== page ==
While this is excellent news, and intriguing scientifically, an effectiveness of 31.8% is practically useless in vaccinating a population. Typically you need at least 70% of your population (varies based on virus) vaccinated before you start to see the effects of herd immunity. Even if they vaccinated everyone in Thailand, you wouldn't get this effect.

Furthermore, the low effectiveness is actually a liability; the end result could be mutations in the HIV virus that make it immune to the vaccine. This is part of the reason why the influenza vaccine has limited effectiveness - influenza, like HIV, has a tendency to mutate quickly. If a new strain comes along, like H1N1 for influenza, you're defenseless.

Finally, I think there's a problem with how the vaccine will be perceived. If the vaccine is only 30% effective, I think people will see that as being too risky to even get the shot. There's already (too much IMO) FUD out there against vaccines in general. If you think that you can get influenza from the flu vaccine, there's a strong aversion to taking the HIV vaccine. For a 30% chance at being immune, that's no good. If it were 100%, that would be a totally different story.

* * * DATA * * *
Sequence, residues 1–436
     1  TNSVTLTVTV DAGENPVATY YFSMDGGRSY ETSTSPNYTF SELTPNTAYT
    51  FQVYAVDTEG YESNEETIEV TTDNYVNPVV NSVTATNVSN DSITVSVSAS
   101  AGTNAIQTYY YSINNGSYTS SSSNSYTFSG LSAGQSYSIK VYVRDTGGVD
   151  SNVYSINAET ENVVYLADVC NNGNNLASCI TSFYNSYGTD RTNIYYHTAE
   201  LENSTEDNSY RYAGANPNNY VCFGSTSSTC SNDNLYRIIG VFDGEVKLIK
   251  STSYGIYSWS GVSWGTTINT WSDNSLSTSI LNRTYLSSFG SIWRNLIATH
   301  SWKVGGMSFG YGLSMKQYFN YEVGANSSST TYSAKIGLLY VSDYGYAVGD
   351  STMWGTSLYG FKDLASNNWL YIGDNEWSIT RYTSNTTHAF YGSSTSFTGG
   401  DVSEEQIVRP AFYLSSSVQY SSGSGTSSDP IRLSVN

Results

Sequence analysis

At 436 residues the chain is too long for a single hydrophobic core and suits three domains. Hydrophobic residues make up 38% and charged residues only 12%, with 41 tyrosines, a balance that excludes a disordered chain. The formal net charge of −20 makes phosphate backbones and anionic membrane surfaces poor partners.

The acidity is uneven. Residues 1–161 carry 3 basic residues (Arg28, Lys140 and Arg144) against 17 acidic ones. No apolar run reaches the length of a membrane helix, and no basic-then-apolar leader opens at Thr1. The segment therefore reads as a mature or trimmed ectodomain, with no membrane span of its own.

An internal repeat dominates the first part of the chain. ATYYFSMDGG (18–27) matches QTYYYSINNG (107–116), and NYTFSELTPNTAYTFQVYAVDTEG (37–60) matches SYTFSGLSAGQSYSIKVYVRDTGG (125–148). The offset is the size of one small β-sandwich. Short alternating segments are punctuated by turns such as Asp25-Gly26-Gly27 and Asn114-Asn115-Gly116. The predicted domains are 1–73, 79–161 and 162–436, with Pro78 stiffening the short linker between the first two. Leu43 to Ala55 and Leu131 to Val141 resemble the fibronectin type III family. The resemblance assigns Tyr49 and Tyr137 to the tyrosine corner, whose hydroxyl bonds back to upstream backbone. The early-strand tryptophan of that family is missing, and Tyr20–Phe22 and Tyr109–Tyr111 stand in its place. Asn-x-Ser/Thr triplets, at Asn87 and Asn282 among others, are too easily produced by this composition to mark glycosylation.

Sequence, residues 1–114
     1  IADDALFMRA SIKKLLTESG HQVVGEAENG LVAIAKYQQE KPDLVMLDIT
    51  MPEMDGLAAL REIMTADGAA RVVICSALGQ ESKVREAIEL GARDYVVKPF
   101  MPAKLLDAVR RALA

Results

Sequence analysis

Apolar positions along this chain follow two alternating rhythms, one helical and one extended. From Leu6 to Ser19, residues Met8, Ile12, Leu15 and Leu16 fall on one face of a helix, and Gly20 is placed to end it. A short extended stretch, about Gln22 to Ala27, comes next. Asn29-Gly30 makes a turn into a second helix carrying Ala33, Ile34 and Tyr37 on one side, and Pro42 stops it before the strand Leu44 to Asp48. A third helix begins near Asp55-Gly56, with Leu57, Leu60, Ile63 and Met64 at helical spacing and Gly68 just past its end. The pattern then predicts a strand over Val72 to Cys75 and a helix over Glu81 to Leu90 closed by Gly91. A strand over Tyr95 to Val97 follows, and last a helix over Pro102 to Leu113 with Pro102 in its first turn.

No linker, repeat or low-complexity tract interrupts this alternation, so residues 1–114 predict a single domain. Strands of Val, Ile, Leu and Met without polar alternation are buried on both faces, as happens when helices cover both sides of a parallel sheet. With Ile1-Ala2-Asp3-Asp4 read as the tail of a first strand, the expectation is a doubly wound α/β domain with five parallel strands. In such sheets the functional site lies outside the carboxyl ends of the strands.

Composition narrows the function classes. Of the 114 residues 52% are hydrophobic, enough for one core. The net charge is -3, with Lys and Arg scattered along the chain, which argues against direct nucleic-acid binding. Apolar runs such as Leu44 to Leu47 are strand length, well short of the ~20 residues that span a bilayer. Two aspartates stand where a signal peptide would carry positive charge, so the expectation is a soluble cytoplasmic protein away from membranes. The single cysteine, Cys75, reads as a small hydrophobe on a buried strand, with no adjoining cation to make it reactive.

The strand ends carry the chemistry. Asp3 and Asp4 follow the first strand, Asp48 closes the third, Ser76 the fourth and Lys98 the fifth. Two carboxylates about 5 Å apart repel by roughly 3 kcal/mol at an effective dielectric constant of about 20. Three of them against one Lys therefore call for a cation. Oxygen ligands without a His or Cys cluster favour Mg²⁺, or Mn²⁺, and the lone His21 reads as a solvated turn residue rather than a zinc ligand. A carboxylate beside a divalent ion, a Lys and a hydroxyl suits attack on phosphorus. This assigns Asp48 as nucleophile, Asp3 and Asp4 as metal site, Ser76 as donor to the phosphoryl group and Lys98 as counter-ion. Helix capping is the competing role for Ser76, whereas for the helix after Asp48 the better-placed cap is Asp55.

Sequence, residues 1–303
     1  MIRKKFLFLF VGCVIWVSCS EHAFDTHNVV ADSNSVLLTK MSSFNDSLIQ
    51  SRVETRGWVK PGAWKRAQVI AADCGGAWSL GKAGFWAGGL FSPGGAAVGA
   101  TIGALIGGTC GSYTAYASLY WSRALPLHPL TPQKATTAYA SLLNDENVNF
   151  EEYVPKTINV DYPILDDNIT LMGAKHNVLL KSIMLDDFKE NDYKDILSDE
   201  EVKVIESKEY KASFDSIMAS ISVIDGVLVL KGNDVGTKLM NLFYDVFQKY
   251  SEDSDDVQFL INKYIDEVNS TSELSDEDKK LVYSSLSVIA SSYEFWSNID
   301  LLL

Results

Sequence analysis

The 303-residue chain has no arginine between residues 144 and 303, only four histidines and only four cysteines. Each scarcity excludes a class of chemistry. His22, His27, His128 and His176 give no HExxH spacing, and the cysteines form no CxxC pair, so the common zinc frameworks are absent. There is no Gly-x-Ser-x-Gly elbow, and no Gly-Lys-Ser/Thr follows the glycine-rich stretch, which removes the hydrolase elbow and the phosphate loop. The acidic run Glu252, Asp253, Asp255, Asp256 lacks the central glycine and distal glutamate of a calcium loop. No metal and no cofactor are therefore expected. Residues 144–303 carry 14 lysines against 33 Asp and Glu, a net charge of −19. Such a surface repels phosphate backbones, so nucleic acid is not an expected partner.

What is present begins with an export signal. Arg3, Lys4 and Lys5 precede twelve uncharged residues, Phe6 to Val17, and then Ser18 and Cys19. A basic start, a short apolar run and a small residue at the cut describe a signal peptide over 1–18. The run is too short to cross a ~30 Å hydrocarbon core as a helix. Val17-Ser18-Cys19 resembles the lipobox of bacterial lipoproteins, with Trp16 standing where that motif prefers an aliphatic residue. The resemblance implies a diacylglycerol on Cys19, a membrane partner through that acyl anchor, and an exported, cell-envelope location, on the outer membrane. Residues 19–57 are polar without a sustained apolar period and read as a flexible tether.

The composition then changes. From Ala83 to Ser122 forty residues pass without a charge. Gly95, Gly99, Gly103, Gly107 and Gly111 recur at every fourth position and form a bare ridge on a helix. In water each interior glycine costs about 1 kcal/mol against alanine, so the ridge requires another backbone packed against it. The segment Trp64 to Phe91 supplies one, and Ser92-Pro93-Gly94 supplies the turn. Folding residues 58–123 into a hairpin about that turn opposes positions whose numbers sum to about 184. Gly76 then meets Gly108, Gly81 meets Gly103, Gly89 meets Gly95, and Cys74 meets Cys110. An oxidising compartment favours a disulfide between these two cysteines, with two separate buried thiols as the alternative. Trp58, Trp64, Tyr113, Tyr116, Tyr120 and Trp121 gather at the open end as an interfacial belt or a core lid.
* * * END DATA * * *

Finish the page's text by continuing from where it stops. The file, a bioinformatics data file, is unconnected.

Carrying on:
Education

The Mindset of the Incoming College Freshmen 383

Posted by kdawson
from the we-have-always-lived-in-the-castle dept.
Beloit College has come out with its annual Mindset List of what the incoming class (of 2013) has always known and has never known. "For these students, ... the Green Giant has always been Shrek, not the big guy picking vegetables. They have never used a card catalog to find a book. ... Tattoos have always been very chic and highly visible. ... Rap music has always been mainstream. ... Except for the present incumbent, the President has never inhaled. ... Amateur radio operators have never needed to know Morse code."
Mozilla

Firefox Beta Scores 93 On Acid3 Test 282

Posted by CmdrTaco
from the scored-worse-on-meth2-test dept.